'The Kite Runner' finds new life as one-man stage show Oct. 8 at Schwab Auditorium

Posted by John Mark Rafacz on October 6, 2013 

Sorab Wadia portrays eight characters in the one-actor adaptation of "The Kite Runner" Tuesday, Oct. 8, at Penn State's Schwab Auditorium.


A stage adaptation of The Kite Runner, the international bestseller by physician-turned-author Khaled Hosseini, brings a poignant tale of friendship and betrayal to Penn State's Schwab Auditorium at 7:30 p.m. Tuesday.

The Kite Runner concerns two boys—Amir, a privileged Pashtun, and Hassan, a Hazara servant—who live in Kabul, Afghanistan's capital city. The American Place Theatre's adaptation features a single actor, Sorab Wadia, and focuses on the original story that Hosseini later expanded into the novel.

Tickets are still available for the Oct. 8 presentation. Note that The Kite Runner includes mature themes, so parental discretion is advised.

Listen to a Center for the Performing Arts at Penn State interview with Wadia.

Hosseini's novels have touched the lives of millions around the world. The Kite Runner (2003), adapted into an Oscar-nominated film in 2007, and A Thousand Splendid Suns (2007) are unforgettably emotional stories about some of the worst—and best—aspects of the human condition. And the Mountains Echoed, the author's third novel, was released earlier this year.

Wadia, a native of India who lives in New York City, portrays eight characters in the 50-minute verbatim performance gleaned from the first third of the book. It's a heartbreaking chronicle of life in a society where severe class division colors even the closest of relationships.

"I change character very quickly," Wadia said. "Even when I started, that was my goal—to have a trigger to put me in the mood of the next person immediately, because there's no time to mess around."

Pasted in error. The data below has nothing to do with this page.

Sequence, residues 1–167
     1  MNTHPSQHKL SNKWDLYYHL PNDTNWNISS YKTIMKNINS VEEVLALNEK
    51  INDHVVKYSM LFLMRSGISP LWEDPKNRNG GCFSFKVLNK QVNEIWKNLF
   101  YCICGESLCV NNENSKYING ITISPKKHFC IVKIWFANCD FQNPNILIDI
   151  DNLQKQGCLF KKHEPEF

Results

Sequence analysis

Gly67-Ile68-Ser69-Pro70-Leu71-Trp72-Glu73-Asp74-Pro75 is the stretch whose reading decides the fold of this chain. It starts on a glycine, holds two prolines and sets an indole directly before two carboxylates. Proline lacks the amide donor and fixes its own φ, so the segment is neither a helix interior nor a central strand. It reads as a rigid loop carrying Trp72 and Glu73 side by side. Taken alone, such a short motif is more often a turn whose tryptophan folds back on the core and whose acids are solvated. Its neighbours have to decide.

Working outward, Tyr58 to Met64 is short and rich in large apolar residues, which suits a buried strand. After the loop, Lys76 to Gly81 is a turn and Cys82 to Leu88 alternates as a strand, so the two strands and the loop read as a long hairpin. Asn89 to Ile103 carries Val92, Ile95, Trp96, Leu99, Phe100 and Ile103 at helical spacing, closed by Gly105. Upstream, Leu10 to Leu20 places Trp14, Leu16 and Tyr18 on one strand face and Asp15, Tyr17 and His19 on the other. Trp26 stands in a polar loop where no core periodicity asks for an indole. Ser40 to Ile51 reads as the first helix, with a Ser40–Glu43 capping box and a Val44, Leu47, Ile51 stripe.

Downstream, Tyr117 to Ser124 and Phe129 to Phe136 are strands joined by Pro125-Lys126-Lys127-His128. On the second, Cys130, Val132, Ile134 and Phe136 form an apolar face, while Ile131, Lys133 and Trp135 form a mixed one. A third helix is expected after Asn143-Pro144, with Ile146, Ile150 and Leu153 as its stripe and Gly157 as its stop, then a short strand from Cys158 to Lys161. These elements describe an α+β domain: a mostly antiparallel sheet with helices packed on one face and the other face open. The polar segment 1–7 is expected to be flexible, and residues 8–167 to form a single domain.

Amir, the protagonist, is in some ways more than one character. During the course of the play, the actor must portray him at three separate ages.

"All those three guys are one person, but three very different guys," Wadia said.

Adapted and directed by Wynn Handman and using original Afghani music, the play is part of The American Place Theatre's acclaimed Literature to Life series.

"For many years we have brought the one-man, verbatim theater adaptation work of American Place Theatre, but strictly for our school audiences," said Amy Dupain Vashaw, audience and program development director for the Center for the Performing Arts. "This year we decided to opt for a public performance, as well as a school show, because we are presenting The Kite Runner. That's a book in our community that's been so resonate with so many book groups and others that we wanted to give everyone the chance to see this incredible … adaptation."

At the outset of the performance, a master teaching artist spends 15 minutes sharing context about the show and its setting. After the presentation, Wadia and the teaching artist participate in a 15-minute discussion with audience members. Artistic Viewpoints is not offered before the show.


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